Bark takes bite out of cancer

The road to ancient herbal remedies in northeastern China began, for Addanki Pratap Kumar, Ph.D., almost 10 years ago. Dr. Kumar, a professor of urology in the
School of Medicine at the UT Health Science Center, was interested in the fact that
prostate cancer rates are much higher in Western populations than in Asian ones —
at least until Asian men had been living in Western countries for five or six years.

After Dr. Kumar published a paper examining some of the differences in Asian and Western diets, a provider of extract from the bark of the Amur cork tree (Phellodendron amurense) told him that some men who took it reported that their PSA levels dropped.

Native to the Amur River watershed in northeastern China and far western Russia, the cork tree has a bark that has long been used in Chinese herbal medicine as an anti-inflammatory and treatment for digestive problems. PSA, or prostate-specific antigen, is secreted by the prostate gland, and elevated levels of it have been linked to the presence of prostate cancer, although it is not considered a definitive test.

Dr. Kumar was intrigued enough by the possibility of a link to start a laboratory study of the substance. He wanted to see if an extract of the cork tree’s bark killed prostate cancer cells in tissue samples, and then in animal models. The studies, supported by grants from the National Cancer Institute and the U.S. Department of Veterans Affairs, were successful.

Building on that success, Dr. Kumar launched a limited clinical trial for men who were patients at the South Texas Veterans Health Care System. As co-leader of the Cancer Prevention and Population Science program at the Health Science Center’s Cancer Therapy & Research Center (CTRC), he was able to network with clinicians who could oversee the patient arms of the study.

The study for VA patients with prostate cancer is divided into two sections: those who receive surgery and those who receive radiation therapy.

The men in the radiation arm, like Joe Covert, take the drug each day throughout the course of their therapy. Covert, a patient at the CTRC, said he had to get used to taking the required thrice-daily dose, but that it hasn’t caused him any trouble. Covert also said he doesn’t expect a miracle — he decided to participate in the early-stage study out of a wish to help other men with prostate cancer in the future.

But unlike in the case of many drugs that are first being tested on humans, researchers are not worried that the cork tree bark will have toxic side effects in study participants, since it has been used as a medicine for hundreds of years.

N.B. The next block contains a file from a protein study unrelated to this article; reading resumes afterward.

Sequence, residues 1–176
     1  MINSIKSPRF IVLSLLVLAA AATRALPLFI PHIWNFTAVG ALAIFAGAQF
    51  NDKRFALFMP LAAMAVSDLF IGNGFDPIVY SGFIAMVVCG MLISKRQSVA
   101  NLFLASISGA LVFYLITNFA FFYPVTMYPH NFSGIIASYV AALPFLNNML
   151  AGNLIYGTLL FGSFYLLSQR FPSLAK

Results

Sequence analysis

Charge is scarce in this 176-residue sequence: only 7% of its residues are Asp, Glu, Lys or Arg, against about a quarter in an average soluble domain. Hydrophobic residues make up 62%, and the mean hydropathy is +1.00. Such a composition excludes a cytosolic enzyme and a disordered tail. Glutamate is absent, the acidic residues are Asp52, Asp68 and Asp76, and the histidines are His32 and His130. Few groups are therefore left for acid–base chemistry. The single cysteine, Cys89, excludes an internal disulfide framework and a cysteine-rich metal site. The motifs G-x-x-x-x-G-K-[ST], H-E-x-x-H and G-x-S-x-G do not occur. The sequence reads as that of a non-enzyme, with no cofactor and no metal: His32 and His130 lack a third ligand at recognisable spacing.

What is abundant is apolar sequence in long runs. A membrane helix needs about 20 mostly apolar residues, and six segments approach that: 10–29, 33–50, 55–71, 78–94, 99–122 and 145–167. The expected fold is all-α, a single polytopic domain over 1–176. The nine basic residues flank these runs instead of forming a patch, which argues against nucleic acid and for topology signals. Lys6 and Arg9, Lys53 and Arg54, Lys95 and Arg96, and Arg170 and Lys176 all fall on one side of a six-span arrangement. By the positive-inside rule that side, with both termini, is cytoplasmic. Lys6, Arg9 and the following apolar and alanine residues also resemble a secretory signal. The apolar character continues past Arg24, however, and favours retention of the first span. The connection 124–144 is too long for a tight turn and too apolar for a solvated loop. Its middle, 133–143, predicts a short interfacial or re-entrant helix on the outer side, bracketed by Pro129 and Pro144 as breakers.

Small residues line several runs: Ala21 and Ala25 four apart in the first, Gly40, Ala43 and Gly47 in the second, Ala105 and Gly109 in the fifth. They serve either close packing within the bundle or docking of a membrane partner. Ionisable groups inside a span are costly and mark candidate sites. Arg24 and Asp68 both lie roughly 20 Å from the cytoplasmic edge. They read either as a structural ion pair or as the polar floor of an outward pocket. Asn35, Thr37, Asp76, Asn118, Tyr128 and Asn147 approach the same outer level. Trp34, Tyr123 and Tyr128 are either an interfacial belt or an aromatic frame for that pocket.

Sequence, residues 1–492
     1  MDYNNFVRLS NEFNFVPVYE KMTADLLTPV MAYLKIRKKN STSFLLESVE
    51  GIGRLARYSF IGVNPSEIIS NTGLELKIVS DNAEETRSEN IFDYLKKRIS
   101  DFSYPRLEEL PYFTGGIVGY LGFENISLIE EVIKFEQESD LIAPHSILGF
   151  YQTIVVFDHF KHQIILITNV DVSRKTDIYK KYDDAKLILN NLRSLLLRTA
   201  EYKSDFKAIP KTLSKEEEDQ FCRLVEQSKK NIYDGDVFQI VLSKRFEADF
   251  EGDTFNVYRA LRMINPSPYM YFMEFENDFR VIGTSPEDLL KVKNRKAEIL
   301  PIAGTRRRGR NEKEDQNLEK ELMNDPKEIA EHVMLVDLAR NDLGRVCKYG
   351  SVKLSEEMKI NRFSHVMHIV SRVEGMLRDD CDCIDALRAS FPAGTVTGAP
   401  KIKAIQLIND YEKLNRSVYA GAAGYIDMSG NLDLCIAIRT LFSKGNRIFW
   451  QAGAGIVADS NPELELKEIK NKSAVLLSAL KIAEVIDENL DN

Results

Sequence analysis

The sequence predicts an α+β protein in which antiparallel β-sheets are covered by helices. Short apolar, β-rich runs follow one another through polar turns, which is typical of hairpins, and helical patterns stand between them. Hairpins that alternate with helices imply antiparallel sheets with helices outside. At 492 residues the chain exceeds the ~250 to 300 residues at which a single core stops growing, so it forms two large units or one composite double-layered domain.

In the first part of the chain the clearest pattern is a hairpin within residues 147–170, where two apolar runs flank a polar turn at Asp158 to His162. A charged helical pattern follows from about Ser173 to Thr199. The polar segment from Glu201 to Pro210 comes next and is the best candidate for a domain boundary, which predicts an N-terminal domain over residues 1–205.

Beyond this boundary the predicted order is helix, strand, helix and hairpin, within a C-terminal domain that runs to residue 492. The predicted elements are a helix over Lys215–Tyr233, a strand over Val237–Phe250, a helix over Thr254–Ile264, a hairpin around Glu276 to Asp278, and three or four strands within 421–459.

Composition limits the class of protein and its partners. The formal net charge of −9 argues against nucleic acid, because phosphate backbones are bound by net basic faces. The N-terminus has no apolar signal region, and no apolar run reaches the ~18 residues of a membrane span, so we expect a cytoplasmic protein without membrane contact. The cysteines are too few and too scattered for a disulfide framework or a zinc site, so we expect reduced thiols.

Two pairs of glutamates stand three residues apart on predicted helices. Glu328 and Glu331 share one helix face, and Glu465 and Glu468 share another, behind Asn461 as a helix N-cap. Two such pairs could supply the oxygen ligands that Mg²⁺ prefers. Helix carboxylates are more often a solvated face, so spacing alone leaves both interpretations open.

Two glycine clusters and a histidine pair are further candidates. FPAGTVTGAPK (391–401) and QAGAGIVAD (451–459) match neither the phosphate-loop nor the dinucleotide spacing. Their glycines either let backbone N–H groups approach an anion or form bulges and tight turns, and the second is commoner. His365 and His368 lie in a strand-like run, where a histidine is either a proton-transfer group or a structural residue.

“It’s never been toxic, so we would be incredibly surprised if there was an interaction,” said William “Trey” Jones, M.D., assistant professor of radiation oncology at the UT Health Science Center, who is leading the radiation therapy arm of the study.

What they are hoping to find from this first small study is that the drug works in humans the way it worked in the lab: sensitizing cancer cells to the point that they succumb more completely to radiation.

“We’re hoping to find that it provides much higher levels of cell kill,” Dr. Jones said.

That could lead to using lower levels of radiation in therapy, said Joseph W. Basler, M.D., Ph.D., professor of urology at the UT Health Science Center.

“There are still significant side effects to radiation therapy,” Basler said, “so if you have a medicine that can sensitize the tumor, you can reduce the amount of radiation given to the patient.”

Even better, and eventually, “Our hope is to find a drug that could treat small tumors and maybe avoid surgery or radiation in the future.”

Dr. Basler’s patients in the surgery arm take the bark extract, which comes in small yellow capsules, for 30 to 80 days before their operations. The tissue that is removed during the operation can then be examined for tumor markers and compared to the initial biopsy tissue.

Dr. Basler noted that the way Dr. Kumar coordinated with physicians to move the study of the bark extract from the lab to the clinic happened in a relatively brief time period compared to other medical research studies.

“It’s a good example of translational medicine,” Dr. Basler said.

Dr. Kumar has his eye on the next step.

“If the patients even moderately respond, we will try to take the study to other cancers,” he said, adding that he has already talked with CTRC specialists in the areas of bladder cancer, pancreatic cancer and melanoma.

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